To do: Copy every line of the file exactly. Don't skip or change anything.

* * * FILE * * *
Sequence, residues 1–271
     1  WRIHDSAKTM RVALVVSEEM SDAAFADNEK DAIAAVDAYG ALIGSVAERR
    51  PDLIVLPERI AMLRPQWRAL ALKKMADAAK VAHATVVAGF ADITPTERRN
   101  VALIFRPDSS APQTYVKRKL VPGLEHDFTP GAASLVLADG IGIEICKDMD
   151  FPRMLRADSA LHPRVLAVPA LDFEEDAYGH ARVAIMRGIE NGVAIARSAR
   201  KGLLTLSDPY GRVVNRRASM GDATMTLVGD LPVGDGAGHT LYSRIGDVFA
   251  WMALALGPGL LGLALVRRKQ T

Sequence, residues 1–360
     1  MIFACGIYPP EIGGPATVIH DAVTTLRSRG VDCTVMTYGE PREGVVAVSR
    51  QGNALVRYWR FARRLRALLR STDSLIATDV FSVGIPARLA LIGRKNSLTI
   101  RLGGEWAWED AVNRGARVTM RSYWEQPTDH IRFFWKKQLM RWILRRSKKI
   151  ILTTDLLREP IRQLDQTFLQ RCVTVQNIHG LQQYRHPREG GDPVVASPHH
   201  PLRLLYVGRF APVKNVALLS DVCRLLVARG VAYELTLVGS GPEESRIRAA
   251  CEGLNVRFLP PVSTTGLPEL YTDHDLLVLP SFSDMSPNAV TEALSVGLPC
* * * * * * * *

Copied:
Sequence, residues 1–271
     1  WRIHDSAKTM RVALVVSEEM SDAAFADNEK DAIAAVDAYG ALIGSVAERR
    51  PDLIVLPERI AMLRPQWRAL ALKKMADAAK VAHATVVAGF ADITPTERRN
   101  VALIFRPDSS APQTYVKRKL VPGLEHDFTP GAASLVLADG IGIEICKDMD
   151  FPRMLRADSA LHPRVLAVPA LDFEEDAYGH ARVAIMRGIE NGVAIARSAR
   201  KGLLTLSDPY GRVVNRRASM GDATMTLVGD LPVGDGAGHT LYSRIGDVFA
   251  WMALALGPGL LGLALVRRKQ T

Sequence, residues 1–360
     1  MIFACGIYPP EIGGPATVIH DAVTTLRSRG VDCTVMTYGE PREGVVAVSR
    51  QGNALVRYWR FARRLRALLR STDSLIATDV FSVGIPARLA LIGRKNSLTI
   101  RLGGEWAWED AVNRGARVTM RSYWEQPTDH IRFFWKKQLM RWILRRSKKI
   151  ILTTDLLREP IRQLDQTFLQ RCVTVQNIHG LQQYRHPREG GDPVVASPHH
   201  PLRLLYVGRF APVKNVALLS DVCRLLVARG VAYELTLVGS GPEESRIRAA
   251  CEGLNVRFLP PVSTTGLPEL YTDHDLLVLP SFSDMSPNAV TEALSVGLPC